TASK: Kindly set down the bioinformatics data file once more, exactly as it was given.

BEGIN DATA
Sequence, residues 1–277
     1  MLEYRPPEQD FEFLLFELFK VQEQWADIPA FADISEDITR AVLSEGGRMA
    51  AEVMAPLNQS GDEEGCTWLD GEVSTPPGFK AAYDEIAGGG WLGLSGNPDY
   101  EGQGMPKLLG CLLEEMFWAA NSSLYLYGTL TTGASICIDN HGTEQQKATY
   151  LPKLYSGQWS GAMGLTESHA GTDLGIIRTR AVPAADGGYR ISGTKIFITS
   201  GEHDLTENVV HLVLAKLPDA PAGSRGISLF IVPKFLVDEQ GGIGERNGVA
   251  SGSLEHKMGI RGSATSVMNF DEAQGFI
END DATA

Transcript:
Sequence, residues 1–277
     1  MLEYRPPEQD FEFLLFELFK VQEQWADIPA FADISEDITR AVLSEGGRMA
    51  AEVMAPLNQS GDEEGCTWLD GEVSTPPGFK AAYDEIAGGG WLGLSGNPDY
   101  EGQGMPKLLG CLLEEMFWAA NSSLYLYGTL TTGASICIDN HGTEQQKATY
   151  LPKLYSGQWS GAMGLTESHA GTDLGIIRTR AVPAADGGYR ISGTKIFITS
   201  GEHDLTENVV HLVLAKLPDA PAGSRGISLF IVPKFLVDEQ GGIGERNGVA
   251  SGSLEHKMGI RGSATSVMNF DEAQGFI